Should we say “the Olympics is” or “the Olympics are” ?
It’s safe to say that the Olympics is on everybody’s mind these days. I remember the excitement of living in Vancouver during the 2010 Winter Olympics. The city was alive and vibrant, full of excitement, hope, and team spirit. I also love how each Olympics seems to bring the world together. The 2012 Olympic Games are off to a great start, and I was happy to learn that this is the first year where every country will have female athletes competing.
With everyone talking about the Olympics, it is rather important to determine if a singular or plural verb should follow this subject. This very question came up a few days ago, when Tara Benwell was getting ready to record the podcast of an updated ESL-Library’s lesson on the Olympics, which I was about to edit. She asked me if the lesson should use a singular or a plural verb with “the Olympics,” and likewise with “the Olympic Games.” I was stumped, and set about doing some research. It’s funny how we commonly hear both singular and plural verbs used with “the Olympics,” and most of us, including me, probably haven’t given it much thought!
Unfortunately, my dictionaries and style guides didn’t have any direct references to the Olympics. I did some internet research instead. Right away, I noticed multiple uses of both singular and plural verbs following “the Olympics.” Most examples of “the Olympic Games” used a plural verb, although I did see some examples of singular verbs used, too.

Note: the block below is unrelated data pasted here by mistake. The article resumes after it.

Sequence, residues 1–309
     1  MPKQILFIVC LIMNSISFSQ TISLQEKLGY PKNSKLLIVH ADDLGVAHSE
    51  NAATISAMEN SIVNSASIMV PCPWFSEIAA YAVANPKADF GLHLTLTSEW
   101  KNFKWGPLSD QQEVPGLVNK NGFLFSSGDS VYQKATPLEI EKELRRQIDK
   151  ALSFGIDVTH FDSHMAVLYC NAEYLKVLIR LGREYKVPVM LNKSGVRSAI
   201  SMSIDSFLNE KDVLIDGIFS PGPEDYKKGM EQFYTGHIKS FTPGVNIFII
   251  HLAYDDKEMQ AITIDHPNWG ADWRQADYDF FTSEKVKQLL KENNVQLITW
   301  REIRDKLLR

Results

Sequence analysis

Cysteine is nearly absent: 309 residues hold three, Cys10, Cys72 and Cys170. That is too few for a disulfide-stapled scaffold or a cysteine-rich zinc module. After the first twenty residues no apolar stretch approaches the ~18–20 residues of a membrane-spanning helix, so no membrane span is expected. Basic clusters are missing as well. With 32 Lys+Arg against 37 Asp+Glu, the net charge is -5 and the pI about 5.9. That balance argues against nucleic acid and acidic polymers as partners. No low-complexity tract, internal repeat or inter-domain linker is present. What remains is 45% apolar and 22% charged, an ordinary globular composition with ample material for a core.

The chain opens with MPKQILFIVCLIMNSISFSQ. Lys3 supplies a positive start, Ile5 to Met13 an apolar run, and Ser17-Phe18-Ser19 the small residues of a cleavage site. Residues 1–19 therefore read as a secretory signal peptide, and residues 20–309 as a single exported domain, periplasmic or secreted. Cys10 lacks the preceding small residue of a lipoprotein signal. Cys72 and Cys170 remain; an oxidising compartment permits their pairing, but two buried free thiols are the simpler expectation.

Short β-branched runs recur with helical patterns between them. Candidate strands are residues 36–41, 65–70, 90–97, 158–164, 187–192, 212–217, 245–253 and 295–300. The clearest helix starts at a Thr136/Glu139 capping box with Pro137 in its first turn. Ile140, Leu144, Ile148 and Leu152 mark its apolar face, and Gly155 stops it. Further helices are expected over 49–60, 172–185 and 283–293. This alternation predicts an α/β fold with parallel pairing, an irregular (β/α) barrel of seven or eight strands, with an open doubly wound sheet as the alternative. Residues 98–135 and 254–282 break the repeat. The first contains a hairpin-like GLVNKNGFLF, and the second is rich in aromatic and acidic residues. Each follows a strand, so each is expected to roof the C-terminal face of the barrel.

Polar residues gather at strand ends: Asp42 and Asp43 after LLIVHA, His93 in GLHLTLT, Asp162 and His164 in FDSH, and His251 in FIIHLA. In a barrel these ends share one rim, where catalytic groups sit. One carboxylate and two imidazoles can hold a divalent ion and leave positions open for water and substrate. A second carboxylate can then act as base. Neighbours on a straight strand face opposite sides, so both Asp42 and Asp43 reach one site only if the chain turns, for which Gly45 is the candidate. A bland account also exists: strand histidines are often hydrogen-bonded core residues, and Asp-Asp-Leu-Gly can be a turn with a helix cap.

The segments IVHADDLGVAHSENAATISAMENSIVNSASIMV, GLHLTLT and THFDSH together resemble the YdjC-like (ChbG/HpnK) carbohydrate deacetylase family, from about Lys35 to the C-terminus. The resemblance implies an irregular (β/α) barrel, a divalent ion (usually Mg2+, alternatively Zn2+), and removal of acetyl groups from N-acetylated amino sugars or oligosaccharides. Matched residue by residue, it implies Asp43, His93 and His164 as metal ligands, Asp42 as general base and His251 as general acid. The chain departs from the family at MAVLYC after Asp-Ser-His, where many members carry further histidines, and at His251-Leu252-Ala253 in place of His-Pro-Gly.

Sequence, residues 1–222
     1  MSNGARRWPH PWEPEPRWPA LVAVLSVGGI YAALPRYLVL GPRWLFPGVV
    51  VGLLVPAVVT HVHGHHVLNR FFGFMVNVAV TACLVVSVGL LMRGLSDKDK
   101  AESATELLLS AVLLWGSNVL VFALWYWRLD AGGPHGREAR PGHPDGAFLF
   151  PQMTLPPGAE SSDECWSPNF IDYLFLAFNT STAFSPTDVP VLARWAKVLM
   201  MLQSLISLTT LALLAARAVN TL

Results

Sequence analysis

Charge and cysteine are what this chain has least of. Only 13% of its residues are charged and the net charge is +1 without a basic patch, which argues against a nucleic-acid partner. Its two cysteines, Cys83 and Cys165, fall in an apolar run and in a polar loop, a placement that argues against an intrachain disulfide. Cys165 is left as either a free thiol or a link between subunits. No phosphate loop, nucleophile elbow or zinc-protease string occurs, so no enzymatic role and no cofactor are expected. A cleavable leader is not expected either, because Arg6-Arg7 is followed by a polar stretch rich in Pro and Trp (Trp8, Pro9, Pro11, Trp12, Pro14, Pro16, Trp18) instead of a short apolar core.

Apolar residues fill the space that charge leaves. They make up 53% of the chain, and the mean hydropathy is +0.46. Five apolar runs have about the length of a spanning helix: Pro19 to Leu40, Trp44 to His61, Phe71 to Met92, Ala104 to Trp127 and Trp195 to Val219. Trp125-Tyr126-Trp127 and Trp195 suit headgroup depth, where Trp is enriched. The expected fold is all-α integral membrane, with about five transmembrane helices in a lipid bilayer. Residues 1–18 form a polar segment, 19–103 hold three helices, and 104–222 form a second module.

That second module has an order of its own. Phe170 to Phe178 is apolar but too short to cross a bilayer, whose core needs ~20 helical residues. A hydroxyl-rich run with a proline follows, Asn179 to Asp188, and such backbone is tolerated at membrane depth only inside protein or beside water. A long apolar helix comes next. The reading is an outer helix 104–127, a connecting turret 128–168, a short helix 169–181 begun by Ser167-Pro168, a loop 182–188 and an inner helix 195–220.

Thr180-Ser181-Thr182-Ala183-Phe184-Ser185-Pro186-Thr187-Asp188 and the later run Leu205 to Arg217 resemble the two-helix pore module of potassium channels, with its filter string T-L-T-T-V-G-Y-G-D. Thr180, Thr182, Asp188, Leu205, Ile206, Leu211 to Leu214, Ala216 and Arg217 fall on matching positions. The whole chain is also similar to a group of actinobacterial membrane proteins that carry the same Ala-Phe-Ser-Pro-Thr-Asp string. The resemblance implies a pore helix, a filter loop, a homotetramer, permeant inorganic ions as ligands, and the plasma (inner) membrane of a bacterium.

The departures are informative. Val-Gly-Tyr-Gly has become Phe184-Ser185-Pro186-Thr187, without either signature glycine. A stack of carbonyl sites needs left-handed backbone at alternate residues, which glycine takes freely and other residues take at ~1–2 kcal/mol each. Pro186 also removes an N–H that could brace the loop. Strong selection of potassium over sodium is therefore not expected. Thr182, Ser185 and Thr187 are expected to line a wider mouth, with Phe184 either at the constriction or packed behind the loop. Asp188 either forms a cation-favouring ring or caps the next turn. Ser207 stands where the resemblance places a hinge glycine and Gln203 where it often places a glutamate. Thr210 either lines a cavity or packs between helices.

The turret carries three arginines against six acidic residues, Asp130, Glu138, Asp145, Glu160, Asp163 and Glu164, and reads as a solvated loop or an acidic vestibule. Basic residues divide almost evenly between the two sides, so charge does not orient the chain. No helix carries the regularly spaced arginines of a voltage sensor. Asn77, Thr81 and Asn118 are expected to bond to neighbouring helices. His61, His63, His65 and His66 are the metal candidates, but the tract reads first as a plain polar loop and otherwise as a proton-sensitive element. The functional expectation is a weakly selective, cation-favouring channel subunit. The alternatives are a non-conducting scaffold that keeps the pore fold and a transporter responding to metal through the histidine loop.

We at ESL-Library decided to go with “the Olympics” + singular verb and “the Olympic Games” + plural verb. Basically, “the Olympics” is a collective noun like team or United States, and usually takes a singular verb. “Games,” on the other hand, is a plural noun that should take a plural verb. It’s possible to consider “the Olympic Games” as a collective noun, but “the Olympic Games is…” just doesn’t sound right to me. “The Olympic Games are…” sounds much better!
1. “The 2014 Winter Olympics, officially the XXII Olympic Winter Games, or the 22nd Winter Olympics, is scheduled to take place from 7 to 23 February 2014, in Sochi, Russia, with some events held in the resort town of Krasnaya Polyana.”
Source: Wikipedia, “2014 Winter Olympics,” accessed July 29, 2012, www.en.wikipedia.org/wiki/2014_Winter_Olympics.
2. “In a speech watched around the world, Games chief Jacques Rogge said: “The Olympic Games are coming home tonight.”
Source: BBC News UK, “Young athletes light London 2012 Olympic flame,” accessed July 29, 2012, www.bbc.co.uk/news/uk-19008471.
I’d love to know what you think, too! Do you agree with our decision? Why or why not? Stay tuned for Wednesday’s podcast.
Go for the gold,